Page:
Needle Felted Animals – A Tutorial And Insights!

You might ask me the question: what have needle felted animals got to do with dollhouses and miniatures, Lizzy?

Well, just about everything. Because if you didn’t see any tiny needle felted animals before then you have missed out for sure!

Once in a while, on my Facebook group or in other places, people are showing off their breathtaking miniature dogs, mini cats, tiny birds, etc, and it amazes me every d**n time (pardon my English).

Today, I am going to teach you the technical basics of how to do the needle-felting of animals.

What Do You Need To Craft Needle Felted Animals?

Here’s a list of the materials you need to craft needle felt animals:

  • Industrial type felting needles (a needle number eight goes faster depending on the surface), and a needle cape to safely store the needle.

  • A base. There are many different types of bases that you can use, but a foam furniture foundation of about 5 cm is great.

    You can go to a furniture store and ask to try out a piece of foam that suits you and that is consistent enough.

    Some people also use fique bags filled with rice.

  • This piece of foam is covered with Lenci cloth because otherwise, the foam would fall apart if you felt it.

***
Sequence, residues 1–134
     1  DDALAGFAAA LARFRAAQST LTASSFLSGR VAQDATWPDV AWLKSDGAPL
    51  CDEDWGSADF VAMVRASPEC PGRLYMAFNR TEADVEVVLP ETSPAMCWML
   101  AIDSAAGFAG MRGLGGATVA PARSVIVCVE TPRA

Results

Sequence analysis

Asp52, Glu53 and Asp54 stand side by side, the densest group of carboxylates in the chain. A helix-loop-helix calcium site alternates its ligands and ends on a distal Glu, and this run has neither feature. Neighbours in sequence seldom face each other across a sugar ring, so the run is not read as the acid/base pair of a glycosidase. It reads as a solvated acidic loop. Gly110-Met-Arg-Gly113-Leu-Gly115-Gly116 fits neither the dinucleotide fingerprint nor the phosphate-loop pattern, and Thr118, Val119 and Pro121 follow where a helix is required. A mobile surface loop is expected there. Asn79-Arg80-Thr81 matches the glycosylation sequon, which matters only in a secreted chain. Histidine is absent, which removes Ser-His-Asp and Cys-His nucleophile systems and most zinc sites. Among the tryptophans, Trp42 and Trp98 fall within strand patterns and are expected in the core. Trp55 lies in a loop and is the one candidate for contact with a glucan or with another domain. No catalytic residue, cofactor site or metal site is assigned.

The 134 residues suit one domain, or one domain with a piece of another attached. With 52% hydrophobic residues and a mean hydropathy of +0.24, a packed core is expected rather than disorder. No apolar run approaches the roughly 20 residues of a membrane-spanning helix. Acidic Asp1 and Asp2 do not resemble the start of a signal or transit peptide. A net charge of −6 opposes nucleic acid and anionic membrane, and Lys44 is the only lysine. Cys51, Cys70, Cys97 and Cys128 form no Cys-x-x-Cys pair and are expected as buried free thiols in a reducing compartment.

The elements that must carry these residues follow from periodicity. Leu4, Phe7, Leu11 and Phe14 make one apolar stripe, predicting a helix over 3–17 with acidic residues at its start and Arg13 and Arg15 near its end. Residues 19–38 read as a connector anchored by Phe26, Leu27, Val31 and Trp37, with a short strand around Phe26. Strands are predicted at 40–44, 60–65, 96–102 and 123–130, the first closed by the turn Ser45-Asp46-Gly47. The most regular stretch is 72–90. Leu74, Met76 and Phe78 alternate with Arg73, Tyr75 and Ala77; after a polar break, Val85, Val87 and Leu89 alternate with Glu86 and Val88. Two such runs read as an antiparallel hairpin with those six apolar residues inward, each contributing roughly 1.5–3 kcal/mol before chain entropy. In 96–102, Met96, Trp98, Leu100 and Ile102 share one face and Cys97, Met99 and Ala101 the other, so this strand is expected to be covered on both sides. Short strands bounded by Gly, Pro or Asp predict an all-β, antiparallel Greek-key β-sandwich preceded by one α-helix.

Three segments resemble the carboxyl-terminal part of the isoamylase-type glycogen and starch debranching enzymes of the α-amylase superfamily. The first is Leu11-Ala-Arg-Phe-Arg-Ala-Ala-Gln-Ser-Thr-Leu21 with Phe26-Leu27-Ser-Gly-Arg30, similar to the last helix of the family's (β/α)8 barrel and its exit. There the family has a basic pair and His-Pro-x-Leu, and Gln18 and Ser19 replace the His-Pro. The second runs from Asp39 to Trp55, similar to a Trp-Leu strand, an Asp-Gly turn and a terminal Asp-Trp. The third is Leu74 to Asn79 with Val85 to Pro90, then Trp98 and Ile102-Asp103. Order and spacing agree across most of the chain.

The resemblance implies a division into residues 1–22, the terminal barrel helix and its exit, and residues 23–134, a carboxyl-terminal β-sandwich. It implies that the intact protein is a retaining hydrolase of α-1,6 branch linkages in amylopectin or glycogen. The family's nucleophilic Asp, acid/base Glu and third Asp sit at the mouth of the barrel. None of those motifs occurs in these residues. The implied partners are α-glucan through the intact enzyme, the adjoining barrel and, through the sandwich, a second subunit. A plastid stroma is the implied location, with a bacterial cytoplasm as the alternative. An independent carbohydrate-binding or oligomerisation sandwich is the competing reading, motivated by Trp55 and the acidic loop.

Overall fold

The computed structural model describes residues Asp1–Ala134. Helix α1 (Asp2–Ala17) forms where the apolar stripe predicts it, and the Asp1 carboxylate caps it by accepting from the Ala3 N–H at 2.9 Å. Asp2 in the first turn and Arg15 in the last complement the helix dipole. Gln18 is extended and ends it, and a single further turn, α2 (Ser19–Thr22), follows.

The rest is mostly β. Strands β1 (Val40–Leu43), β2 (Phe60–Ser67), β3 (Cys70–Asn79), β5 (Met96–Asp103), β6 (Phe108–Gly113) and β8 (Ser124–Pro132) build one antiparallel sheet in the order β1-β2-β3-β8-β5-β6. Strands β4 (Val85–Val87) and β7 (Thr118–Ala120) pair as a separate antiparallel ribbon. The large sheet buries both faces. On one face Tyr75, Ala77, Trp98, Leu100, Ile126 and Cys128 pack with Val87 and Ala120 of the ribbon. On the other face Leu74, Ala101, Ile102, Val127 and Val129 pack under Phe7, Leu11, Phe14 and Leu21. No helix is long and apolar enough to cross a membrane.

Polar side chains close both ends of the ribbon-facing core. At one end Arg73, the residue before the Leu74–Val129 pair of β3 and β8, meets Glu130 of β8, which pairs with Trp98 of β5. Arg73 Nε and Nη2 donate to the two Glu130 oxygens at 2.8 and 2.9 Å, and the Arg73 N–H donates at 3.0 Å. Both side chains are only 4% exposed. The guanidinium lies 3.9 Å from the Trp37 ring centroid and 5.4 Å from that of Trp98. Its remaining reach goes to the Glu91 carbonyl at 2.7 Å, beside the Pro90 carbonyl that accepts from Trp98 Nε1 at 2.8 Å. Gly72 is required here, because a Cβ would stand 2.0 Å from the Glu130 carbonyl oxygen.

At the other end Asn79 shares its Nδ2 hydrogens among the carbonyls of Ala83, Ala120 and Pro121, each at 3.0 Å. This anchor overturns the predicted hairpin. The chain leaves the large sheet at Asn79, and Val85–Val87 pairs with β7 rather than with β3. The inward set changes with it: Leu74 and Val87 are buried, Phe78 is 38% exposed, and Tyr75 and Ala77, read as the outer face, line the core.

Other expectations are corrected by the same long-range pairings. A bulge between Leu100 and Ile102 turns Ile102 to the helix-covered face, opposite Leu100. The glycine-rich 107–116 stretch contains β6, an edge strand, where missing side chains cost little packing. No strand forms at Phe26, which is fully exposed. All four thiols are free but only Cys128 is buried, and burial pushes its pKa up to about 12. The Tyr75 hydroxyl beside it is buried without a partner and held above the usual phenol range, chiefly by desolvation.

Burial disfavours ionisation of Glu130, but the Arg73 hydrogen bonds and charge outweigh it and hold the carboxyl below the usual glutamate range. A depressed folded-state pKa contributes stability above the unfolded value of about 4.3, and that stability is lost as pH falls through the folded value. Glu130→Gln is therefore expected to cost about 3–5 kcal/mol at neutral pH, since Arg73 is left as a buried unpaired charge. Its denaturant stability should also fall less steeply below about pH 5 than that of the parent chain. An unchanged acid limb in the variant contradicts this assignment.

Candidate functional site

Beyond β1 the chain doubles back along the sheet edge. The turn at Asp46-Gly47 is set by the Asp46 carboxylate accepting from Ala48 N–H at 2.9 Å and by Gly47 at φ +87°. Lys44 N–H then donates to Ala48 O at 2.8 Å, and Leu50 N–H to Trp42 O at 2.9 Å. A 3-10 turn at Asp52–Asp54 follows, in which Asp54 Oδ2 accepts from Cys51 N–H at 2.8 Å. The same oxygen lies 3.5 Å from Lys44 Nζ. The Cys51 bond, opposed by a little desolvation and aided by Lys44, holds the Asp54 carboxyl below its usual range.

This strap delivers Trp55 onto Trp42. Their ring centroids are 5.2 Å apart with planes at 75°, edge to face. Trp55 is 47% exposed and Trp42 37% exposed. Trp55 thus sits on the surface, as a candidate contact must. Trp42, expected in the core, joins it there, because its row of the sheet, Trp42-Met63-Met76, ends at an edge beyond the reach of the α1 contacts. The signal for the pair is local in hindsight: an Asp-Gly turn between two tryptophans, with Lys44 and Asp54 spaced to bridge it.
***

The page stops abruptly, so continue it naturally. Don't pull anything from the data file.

• The wires: you can use any wire, but aluminum is fine. Make sure that you can manipulate it with your hands.

  • Chisels, pliers , scissors for the finishing touch,

  • little eyes and a thread to sew them

  • a punch to make the holes for the eyes

  • wool, Corriedale wool is the better choice

Preparation


Decide on which animal you will make and study their appearance.

You need to have some kind of plan on which little animal you will create. Let’s for example look at a picture of a husky-dog, as it has lots of different colors.

A Husky has lots of color variations.

But what’s important to know is that when you choose a specific breed of dog, each one has its own characteristics.

Take a closer look at the bone structure and muscles as well of the animal of your choice, because that is different for each species.


Remember that creating an animal that has 4 legs isn’t the same as making a human with 2 legs ;-).

Make sure to study closely their fur, ears, shoulder height, rib cage, the size of the body, etc.

You could choose to craft it very realistic (hyper-realistic), or make a caricature out of it, it is totally up to you!


By thoroughly studying the animal, you can find out what the basic structure and hardwires will need to look like before you start the actual felting (more below)

If you like to learn more about this part, then please take a look at the link below on the online course of Domestika.


The wool and the techniques of felting.